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  • Analysis
    12 months ago
    by Nelson
    +35 +1

    Study suggests that college isn't the great equalizer many believe

    College is the great equalizer. That's the message proudly proclaimed by many in higher education, not to mention many parents trying to urge children who may not have trust funds to prepare for college. But a new study says that the economic impact of college -- in postgraduation wages -- is very much tied to the income of students' families growing up, with students from wealthier families earning more than others. Some might assume that this difference is due to enrollment patterns...

  • Expression
    12 months ago
    by aj0690
    +21 +1

    How to Drop Out of College (With No Risk)

    Spring of my junior year, I effectively dropped out of college. I’d started working on a startup, raised some money, wanted to be able to pursue it full time, but college was in the way. I knew the heroic myths of other college dropouts pursuing starting their own companies and figured that seemed like the “thing to do” in the situation. College had never “fit” for me. I hated lectures, realized grades were meaningless, was already getting good at learning things on my own, and wanted to have the freedom to teach myself marketing among other skills.

  • Analysis
    12 months ago
    by MichDe
    +17 +1

    Top 10 Wealthiest Americans with and without College Degrees

    Cumulative Wealth of Top 10 Wealthiest Americans WITH College Degrees: $506.2 billion Cumulative Wealth of Top 10 Wealthiest Americans WITHOUT College Degrees: $350.2 billion The cumulative wealth of the top 10 billionaires with college degrees is 44.5% more than the cumulative earnings of those without degrees. On average, a college graduate with a bachelor's degree earned about $30,000 more per year than a high school graduate, or about $500,000 more over a lifetime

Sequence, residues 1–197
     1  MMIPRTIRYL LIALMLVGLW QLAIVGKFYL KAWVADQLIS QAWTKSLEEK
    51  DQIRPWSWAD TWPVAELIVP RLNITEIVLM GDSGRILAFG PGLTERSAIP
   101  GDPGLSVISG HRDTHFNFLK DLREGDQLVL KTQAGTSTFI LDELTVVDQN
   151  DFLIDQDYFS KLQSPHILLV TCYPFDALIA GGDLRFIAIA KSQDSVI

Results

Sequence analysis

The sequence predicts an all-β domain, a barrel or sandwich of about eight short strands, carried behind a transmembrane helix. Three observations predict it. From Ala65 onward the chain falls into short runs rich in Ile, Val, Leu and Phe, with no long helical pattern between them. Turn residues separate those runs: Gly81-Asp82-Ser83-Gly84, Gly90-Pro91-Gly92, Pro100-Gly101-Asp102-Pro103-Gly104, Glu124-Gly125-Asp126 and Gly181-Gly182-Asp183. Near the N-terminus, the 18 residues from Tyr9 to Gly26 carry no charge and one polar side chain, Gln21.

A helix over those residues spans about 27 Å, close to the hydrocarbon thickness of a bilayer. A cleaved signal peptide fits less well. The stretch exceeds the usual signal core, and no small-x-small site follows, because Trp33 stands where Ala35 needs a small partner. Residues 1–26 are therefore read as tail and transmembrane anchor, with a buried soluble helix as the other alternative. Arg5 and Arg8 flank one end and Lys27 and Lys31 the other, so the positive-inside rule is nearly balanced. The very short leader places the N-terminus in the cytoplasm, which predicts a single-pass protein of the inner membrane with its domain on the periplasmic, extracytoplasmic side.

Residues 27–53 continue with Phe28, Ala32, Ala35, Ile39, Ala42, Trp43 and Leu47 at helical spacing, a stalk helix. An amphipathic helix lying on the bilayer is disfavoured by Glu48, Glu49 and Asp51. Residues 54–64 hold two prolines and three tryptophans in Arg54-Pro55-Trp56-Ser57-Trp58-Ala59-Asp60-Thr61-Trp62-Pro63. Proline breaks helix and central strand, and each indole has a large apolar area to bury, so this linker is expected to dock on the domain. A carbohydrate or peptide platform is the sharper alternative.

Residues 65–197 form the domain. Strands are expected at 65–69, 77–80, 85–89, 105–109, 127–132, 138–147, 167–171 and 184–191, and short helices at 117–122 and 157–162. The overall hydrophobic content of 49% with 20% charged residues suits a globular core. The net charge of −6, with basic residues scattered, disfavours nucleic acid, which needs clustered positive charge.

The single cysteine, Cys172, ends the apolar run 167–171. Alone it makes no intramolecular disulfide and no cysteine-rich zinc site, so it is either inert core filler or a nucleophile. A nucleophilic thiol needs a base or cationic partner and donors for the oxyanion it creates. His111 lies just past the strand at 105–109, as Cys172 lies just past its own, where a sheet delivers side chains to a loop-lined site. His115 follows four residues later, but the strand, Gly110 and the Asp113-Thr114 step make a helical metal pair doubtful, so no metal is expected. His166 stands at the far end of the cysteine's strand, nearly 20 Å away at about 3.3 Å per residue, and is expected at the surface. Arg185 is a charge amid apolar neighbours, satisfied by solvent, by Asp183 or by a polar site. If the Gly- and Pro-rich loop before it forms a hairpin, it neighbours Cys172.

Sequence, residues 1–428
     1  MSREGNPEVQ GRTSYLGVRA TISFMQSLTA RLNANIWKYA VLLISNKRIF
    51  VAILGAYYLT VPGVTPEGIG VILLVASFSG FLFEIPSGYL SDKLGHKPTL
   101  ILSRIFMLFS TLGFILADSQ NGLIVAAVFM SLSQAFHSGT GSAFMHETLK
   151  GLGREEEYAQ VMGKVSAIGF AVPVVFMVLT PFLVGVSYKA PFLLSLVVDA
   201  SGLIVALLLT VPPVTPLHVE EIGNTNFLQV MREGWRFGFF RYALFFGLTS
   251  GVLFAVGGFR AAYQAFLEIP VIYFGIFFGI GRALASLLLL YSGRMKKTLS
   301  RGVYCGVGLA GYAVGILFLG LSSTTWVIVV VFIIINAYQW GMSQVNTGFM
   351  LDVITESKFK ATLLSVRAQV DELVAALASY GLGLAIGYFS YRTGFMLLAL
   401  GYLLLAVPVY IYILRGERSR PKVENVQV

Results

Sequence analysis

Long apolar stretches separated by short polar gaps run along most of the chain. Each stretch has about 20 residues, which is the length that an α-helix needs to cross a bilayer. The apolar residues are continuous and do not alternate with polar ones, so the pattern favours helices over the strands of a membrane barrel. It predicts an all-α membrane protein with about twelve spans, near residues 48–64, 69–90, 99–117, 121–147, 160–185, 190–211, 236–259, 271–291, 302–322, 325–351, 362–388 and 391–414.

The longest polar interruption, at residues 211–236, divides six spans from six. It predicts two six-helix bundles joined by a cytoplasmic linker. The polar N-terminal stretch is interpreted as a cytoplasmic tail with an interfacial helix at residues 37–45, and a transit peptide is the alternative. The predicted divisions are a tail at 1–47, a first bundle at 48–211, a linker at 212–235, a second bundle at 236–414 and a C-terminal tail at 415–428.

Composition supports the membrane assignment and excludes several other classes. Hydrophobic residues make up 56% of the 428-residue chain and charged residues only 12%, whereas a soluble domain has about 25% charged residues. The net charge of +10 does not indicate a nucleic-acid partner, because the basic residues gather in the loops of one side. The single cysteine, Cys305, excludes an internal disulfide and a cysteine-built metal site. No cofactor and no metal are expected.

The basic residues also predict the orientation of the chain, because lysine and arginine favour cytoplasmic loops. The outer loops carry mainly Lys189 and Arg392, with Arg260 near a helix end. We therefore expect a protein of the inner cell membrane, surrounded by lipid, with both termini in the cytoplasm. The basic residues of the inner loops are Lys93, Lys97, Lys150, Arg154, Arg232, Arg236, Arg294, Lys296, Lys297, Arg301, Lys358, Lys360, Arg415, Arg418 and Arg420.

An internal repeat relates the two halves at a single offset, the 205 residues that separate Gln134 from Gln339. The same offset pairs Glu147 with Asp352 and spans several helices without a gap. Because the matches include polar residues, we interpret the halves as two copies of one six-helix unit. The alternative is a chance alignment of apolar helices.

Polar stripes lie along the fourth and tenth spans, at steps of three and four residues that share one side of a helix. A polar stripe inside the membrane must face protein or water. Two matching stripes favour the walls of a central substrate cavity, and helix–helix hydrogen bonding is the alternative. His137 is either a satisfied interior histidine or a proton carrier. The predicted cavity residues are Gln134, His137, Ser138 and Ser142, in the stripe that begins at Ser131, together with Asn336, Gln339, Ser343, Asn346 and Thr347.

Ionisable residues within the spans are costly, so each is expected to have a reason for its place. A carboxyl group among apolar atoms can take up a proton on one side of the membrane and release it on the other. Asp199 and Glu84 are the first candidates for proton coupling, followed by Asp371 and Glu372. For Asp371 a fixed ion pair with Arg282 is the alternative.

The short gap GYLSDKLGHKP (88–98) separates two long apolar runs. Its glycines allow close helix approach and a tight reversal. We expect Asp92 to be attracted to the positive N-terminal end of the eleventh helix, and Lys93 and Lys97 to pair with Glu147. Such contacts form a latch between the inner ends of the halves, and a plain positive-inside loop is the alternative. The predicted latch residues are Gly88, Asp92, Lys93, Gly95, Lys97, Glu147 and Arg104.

• Analysis
    12 months ago
    by geoleo
    +58 +1

    The Best Job Candidates Don't Always Have College Degrees

    Many companies find that skills-based pre-employment tests are better predictors of success on the job. Last month, the U.K. office of the accounting firm Ernst & Young announced that, starting next year, it will no longer require new hires to have a college degree. Candidates for jobs at EY’s U.K. office used to have to meet the grade baseline of a B average in college, but will soon be evaluated instead based on the results of a series of pre-employment tests.

  • Analysis
    12 months ago
    by Cobbydaler
    +38 +1

    The college dropout who cooks for the stars

    Cathal Armstrong was 19 when he opened his first restaurant with his father in Dublin. "It was a disaster from the beginning," he recalls. "We never had a business licence, we never had a health permit - who knew you needed such a thing? The walls started closing in and we began running out of money.